No vmkcore disk partition is available

Sometimes I really do feel the computer gremlins are out to get me.  As long as I can remember I’ve had a flawlessly running Test Lab at work.  The day of my scheduled ESXi host upgrades I come across numerous hosts with the below error.

No vmkcore disk partition is available and no network coredump server has been configured.  Host core dumps cannot be saved.

no_vmkcore01

I tried to ignore the error but VMware Update Manager would have no bar of it and prevented me from performing an ESXi version upgrade.

The error is referring to the location ESXi will dump its core during a Purple Screen of Death (PSOD).  Usually you’ll see this warning with a statless configured ESXi host.  In this situation a host will be running in memory with no disk.  You will usually configure the vSphere Network Dump Collector service.  This wasn’t the case in my situation.

Logging into the Shell I ran the follow

~ # esxcli system coredump partition list

no configured dump partition found; skipping

Next I attempted to set the coredump

~ # esxcli system coredump partition set --enable true --smart

Unable to smart activate a dump partition.  Error was: Not a known device: naa.6000097000024659483748380304235.

Not really sure what was going on here.  I just hope no one was messing with LUN mappings.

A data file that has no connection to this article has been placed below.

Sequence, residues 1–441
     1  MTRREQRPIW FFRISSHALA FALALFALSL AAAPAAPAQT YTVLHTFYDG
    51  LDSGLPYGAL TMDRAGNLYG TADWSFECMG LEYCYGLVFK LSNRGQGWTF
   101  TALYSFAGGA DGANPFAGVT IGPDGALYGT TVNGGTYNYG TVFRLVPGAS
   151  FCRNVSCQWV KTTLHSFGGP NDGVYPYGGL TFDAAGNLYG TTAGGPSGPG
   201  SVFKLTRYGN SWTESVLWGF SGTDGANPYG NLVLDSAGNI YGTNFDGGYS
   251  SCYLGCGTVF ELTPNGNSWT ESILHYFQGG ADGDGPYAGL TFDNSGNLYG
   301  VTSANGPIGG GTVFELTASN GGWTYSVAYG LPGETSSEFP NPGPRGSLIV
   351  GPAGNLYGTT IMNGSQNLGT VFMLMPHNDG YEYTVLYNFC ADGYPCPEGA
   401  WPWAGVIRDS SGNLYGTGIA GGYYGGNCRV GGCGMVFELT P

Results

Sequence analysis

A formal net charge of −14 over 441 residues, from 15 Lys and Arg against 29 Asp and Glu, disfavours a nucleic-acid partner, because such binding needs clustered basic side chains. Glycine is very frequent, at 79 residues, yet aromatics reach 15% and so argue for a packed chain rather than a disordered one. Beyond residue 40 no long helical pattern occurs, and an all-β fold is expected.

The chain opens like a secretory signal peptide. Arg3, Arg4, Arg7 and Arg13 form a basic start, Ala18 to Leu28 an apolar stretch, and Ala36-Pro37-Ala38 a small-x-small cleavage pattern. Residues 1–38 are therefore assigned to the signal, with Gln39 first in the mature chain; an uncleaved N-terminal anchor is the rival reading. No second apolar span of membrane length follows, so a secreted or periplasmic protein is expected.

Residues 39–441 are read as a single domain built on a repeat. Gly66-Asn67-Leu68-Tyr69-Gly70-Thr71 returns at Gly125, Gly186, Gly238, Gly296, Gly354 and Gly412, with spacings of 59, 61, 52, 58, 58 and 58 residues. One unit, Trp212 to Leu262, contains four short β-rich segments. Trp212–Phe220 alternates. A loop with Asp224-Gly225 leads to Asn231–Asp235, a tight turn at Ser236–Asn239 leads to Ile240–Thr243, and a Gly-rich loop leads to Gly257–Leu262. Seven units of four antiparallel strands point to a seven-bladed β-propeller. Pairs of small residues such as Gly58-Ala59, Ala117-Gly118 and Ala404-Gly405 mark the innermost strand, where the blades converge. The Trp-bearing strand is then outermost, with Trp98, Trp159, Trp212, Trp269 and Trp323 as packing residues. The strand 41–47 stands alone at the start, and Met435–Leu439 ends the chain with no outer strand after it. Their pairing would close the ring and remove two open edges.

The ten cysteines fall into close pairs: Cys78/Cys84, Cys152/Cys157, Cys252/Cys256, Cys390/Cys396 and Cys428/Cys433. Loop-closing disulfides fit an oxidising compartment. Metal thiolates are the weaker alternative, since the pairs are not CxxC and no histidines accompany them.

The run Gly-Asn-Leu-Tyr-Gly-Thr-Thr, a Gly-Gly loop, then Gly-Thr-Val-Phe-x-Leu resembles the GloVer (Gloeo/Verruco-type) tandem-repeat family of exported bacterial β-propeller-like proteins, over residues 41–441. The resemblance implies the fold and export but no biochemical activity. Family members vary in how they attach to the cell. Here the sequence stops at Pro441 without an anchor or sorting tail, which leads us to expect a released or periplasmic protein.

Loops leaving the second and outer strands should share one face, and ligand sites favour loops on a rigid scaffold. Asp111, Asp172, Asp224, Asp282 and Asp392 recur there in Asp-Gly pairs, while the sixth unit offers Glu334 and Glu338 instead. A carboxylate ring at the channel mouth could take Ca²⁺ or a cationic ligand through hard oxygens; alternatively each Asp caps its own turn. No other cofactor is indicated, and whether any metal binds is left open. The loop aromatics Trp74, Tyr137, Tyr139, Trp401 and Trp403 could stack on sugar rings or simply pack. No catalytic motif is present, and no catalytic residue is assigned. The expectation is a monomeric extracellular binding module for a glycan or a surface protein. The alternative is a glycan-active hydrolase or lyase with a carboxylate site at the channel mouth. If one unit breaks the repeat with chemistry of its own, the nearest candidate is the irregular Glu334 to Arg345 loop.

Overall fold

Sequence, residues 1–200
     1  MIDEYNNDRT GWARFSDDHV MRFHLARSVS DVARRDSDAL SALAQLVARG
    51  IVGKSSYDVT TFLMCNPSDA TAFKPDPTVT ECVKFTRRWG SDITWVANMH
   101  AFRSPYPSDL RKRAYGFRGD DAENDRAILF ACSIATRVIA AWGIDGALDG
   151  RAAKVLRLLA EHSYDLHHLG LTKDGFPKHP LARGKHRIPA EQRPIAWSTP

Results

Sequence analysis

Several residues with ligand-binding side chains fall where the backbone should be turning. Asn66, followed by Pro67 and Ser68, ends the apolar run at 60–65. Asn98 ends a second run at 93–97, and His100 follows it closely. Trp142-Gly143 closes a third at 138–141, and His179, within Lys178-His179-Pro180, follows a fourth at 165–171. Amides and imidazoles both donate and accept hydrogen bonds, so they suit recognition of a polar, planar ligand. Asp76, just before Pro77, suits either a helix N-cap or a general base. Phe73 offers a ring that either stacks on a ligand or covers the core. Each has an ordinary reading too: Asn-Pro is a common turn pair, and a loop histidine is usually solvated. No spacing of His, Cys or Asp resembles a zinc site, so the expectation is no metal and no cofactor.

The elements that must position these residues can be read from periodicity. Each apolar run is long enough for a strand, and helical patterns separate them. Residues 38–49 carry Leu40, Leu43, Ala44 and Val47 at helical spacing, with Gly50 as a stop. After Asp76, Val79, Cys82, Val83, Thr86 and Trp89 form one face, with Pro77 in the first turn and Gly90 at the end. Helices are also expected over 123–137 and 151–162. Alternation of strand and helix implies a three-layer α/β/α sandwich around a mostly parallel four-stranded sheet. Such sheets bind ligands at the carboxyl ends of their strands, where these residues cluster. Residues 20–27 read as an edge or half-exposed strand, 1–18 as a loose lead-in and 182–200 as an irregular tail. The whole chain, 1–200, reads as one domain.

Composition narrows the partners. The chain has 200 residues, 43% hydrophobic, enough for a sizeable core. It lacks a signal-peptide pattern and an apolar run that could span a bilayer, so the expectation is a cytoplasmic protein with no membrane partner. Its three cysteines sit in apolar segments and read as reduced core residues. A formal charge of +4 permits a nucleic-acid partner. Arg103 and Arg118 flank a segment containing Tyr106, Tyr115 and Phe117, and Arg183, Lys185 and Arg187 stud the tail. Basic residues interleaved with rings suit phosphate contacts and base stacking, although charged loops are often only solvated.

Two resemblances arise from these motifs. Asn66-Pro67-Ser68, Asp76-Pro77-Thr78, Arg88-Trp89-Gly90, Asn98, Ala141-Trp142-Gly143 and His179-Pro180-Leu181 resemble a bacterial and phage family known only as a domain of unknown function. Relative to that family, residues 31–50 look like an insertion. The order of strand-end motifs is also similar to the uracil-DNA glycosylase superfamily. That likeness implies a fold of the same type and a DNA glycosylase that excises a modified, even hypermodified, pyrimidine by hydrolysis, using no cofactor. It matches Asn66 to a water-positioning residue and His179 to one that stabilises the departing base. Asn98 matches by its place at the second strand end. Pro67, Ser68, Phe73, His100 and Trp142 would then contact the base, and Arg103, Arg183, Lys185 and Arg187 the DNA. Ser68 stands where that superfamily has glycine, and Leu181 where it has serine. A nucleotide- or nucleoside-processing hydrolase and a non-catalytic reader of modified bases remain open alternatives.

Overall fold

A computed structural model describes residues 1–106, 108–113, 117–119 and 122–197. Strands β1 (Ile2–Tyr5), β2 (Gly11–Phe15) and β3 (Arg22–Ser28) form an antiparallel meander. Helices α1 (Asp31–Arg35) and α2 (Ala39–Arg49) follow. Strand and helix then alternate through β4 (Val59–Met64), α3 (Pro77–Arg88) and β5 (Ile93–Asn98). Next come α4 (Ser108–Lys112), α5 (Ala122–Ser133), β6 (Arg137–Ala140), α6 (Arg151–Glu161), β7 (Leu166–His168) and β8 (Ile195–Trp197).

So next I use the set -u to unconfigure any current core dump follow by set --enable true --smart which allows ESXi to automatically determine the best location to set.

~ # esxcli system coredump partition set -u

~ # esxcli system coredump partition set --enable true --smart

~ # esxcli system coredump partition get

Active: naa.600601600fc04857394578c4d945e311:7

Configured: naa.600601600fc04857394578c4d945e311:7

This resolved the error immediately without any reboots and allowed me to continue with ESXi host upgrades.

I don’t know the root cause to this issue but as I’m upgrading ESXi versions I think it’s okay to sometimes let things go.

Note;  --enable true --smart contains double dashes.

  1. This is caused by a clone of the boot lun and new lun ID not matching configured previously.. not sure how the lun id change affects other operations as ESXi boots ok and can retrieve its configuration

  2. Thanks mate! Exactly what i needed!

  3. Thanks Mark, this saved me some time! A motherboard replacement triggered this for me.

  4. Thanks, needed to do this after cloning the OS from old SAN to new SAN.

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